In 1916, when Labor split over conscription, Prime Minister Billy Hughes and other pro-conscriptionists left to form a Nationalist government. A Nationalist Party quickly followed, which governed throughout the 1920s. When Labor split again in the Depression over how to manage the nation’s finances, Treasurer Joseph Lyons led a small band across the party divide and the Nationalists re-formed to accommodate them. Honest Joe Lyons became the leader of the United Australia Party and soon after Prime Minister of Australia. The United Australia Party governed until 1941, when it was defeated on the floor of parliament and John Curtin was asked to form a government.
At the first two re-formations, names were chosen (Nationalists, United Australia Party) which put the new party forward as representing the nation as a whole and the presence of some ex-Labor men gave this claim temporary plausibility. The catalyst for the 1945 re-formation was different. By the early 1940s the United Australia Party was a discredited shambles and new parties were proliferating to compete for the non-labour vote. At the 1943 election the UAP received only 16 per cent of the vote. Menzies argued that the new party needed a name that was distinctive, that would show that it stood for something, in the same way that Labor’s values showed in its name.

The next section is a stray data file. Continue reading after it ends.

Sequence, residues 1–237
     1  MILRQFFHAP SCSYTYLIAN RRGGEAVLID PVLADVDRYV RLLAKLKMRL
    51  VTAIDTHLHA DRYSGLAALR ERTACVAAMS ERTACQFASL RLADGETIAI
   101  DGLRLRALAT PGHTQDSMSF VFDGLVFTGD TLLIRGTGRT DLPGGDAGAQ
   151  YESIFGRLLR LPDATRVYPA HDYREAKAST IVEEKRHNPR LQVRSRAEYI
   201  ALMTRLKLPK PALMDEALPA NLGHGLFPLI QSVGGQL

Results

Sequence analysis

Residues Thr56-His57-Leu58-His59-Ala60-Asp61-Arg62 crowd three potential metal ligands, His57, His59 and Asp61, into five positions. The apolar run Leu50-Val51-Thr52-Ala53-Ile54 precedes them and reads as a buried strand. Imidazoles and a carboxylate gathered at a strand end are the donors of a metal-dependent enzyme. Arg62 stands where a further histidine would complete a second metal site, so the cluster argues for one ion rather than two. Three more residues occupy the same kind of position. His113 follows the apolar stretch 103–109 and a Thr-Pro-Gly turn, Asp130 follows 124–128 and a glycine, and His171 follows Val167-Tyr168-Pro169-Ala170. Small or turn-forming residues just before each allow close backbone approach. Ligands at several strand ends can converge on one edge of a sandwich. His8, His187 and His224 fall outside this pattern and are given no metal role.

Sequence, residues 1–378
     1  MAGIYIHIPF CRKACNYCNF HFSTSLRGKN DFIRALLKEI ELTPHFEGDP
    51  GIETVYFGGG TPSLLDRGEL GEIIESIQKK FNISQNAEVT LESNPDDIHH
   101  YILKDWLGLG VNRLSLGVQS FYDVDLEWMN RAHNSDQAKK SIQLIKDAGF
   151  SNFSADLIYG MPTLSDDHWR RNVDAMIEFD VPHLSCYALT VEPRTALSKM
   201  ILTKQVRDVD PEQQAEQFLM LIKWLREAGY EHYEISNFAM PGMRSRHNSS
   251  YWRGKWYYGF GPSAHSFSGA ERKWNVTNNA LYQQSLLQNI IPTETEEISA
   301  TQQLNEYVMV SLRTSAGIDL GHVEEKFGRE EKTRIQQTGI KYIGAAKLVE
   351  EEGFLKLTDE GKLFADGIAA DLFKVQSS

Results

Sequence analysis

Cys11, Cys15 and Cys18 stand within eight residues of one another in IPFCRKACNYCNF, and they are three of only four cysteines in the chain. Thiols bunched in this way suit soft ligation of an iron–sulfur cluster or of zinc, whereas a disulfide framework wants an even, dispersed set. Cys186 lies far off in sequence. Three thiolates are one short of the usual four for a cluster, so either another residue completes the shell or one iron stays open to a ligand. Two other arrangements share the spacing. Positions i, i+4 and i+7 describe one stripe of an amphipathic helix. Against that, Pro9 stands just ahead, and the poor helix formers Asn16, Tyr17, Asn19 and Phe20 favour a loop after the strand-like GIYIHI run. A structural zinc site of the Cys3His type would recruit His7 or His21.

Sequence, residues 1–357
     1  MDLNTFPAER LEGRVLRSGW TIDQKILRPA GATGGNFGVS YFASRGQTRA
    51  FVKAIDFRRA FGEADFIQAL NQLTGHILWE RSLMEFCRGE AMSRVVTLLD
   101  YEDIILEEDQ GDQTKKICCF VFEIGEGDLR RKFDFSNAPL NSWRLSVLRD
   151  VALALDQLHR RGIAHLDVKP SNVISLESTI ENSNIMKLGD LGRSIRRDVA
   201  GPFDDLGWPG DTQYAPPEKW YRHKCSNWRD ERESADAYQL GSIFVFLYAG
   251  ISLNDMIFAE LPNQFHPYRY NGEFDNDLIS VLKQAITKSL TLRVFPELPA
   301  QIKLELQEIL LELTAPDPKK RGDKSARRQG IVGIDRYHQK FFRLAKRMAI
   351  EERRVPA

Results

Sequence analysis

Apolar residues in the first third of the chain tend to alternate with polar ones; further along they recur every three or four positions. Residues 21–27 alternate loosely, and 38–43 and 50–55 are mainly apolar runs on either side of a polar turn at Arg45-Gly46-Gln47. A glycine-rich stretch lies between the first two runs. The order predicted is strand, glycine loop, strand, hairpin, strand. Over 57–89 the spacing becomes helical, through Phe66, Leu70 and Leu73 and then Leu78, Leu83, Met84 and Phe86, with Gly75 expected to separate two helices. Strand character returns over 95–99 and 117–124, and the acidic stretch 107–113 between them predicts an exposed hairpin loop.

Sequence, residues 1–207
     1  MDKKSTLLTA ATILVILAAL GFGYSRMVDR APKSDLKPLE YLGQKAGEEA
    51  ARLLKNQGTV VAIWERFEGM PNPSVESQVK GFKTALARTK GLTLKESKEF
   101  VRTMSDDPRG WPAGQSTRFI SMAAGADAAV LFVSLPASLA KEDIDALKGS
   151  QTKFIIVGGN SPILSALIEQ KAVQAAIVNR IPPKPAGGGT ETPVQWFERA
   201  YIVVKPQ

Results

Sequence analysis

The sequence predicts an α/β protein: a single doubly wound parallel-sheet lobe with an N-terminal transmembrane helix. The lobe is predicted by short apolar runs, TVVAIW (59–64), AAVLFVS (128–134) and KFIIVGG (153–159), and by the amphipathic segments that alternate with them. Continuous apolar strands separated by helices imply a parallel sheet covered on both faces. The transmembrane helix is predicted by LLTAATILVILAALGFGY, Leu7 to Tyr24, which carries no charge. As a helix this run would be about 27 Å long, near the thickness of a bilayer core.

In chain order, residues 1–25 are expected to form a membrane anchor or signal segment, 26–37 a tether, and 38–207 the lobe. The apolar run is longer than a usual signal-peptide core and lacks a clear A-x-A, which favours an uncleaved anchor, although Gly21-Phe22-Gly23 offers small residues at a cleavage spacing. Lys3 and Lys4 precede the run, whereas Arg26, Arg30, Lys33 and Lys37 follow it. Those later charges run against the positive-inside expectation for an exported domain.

We took the name Liberal because we were determined to be a progressive party … in no sense reactionary, but believing in the individual, his rights, and his enterprise, and rejecting the Socialist panacea.